Since the dawn of behavioral research, psychologists have faced the problem of missing data--data unavailable for any number of reasons. Sometimes study participants fail to complete all the items on a survey or all the assigned conditions in an experiment. Other times, there are problems with data recording.

How researchers choose to handle those data can be tricky business. Traditionally, they've simply deleted participants with missing data from their analyses. But that could skew conclusions, particularly in studies that rely on random samples to draw conclusions about entire populations. Delete more than a few participants because of missing data, and suddenly your sample is no longer random.

"Missing data is one of the most important statistical and design problems in research," says University of Memphis researcher and methodologist William Shadish, PhD.

Now, a statistician and a psychologist from the Methodology Center at Pennsylvania State University are proposing solutions that would allow researchers to retain the integrity of their data sets. In the June issue of Psychological Methods (Vol. 7, No. 2) Joseph Schafer, PhD, and John Graham, PhD, argue that psychologists' research would benefit from the use of one of two sophisticated, new statistical techniques--Bayesian multiple imputation and maximum likelihood--designed to deal with missing data.

In fact, without them, study conclusions could be severely biased. Other methodologists, along with seasoned researchers and journal editors, couldn't agree more.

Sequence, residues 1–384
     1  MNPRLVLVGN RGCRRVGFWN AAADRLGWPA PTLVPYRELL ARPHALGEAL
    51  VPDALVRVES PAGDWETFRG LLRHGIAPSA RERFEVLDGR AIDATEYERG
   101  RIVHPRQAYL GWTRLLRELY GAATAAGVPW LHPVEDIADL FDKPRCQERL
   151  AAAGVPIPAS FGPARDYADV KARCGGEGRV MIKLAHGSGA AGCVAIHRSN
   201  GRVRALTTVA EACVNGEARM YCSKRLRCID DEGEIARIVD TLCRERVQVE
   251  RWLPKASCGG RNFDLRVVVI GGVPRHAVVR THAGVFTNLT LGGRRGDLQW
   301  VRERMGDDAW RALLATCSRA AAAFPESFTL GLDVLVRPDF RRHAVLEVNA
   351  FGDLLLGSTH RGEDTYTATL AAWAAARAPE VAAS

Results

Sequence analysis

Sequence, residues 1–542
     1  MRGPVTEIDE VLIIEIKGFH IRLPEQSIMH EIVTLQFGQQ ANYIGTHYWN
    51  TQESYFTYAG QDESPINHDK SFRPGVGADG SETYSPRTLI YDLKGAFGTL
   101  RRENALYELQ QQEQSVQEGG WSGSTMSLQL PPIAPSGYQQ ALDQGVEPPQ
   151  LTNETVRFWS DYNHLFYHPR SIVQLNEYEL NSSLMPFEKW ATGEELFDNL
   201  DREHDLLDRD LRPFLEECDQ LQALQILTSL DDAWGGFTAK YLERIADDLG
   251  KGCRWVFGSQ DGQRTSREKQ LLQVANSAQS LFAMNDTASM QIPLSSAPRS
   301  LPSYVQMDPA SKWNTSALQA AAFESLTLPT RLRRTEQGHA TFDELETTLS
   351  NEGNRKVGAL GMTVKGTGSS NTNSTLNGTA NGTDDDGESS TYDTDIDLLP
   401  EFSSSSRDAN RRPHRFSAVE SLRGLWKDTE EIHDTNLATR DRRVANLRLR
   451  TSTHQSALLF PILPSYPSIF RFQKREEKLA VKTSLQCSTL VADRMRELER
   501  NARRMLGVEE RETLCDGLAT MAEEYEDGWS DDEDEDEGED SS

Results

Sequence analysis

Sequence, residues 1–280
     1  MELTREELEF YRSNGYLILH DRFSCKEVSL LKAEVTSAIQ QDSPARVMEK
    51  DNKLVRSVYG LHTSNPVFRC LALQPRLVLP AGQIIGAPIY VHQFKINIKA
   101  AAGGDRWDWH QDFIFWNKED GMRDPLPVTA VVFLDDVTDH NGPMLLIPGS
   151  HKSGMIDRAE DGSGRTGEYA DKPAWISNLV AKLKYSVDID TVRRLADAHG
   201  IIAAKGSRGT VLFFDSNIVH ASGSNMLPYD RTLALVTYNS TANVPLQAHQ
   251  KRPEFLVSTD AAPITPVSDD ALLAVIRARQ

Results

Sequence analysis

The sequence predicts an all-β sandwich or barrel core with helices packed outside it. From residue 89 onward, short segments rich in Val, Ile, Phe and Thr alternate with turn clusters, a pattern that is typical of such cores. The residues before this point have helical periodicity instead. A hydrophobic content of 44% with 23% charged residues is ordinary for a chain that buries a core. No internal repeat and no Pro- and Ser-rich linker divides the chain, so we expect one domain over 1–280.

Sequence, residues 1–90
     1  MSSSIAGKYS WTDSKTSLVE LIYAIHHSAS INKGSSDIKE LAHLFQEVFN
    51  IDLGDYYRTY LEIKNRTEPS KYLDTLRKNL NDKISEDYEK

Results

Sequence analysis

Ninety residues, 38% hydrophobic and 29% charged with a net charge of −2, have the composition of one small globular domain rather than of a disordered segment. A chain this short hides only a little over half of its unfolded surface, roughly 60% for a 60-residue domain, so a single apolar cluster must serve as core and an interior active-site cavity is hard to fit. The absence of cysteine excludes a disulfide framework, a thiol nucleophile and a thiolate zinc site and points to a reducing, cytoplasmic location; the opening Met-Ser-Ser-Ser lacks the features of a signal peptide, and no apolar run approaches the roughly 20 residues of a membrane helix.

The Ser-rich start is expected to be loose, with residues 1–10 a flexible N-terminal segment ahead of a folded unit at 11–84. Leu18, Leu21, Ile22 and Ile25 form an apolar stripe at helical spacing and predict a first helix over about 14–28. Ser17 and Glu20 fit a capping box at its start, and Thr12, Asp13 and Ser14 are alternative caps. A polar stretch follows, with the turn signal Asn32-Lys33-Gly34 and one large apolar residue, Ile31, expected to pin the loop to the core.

"Routine implementation of these new methods of addressing missing data will be one of the major changes in research over the next decade," says Arizona State University psychologist and Psychological Methods Editor Stephen West, PhD.

Ignoring the problem

The methods proposed by Schafer and Graham have been around for more than a decade--versions of them were originally developed by Harvard University statistician Donald B. Rubin, PhD--but few researchers use them. Instead, most researchers use simplistic methods such as pair-wise and list-wise deletion to drop participants without complete data sets.

"It's safe to say that the traditional treatment of missing data is to pretend that the problem will just go away by itself," says University of Rochester researcher Harry Reis, PhD, chair of APA's Board of Scientific Affairs.

The problem with that tactic is the risk that study conclusions could become biased when what started out as a random sample becomes sullied with the deletion of certain participants.

"The concern is that individuals who refuse to respond to questions or questionnaires may be systematically different from people who agree to take part," explains University of Missouri psychologist Harris Cooper, PhD, editor of Psychological Bulletin. "And those differences could be related to variables of interest in the study."

The problem exists for all types of research, but it's particularly an issue for studies looking at real-world problems, whether conducted in the field or in the laboratory.

The methods Schafer and Graham recommend can preserve the integrity of a data set by using statistics to fill in probable values for missing information, thereby allowing researchers to make more accurate conclusions about the population under study.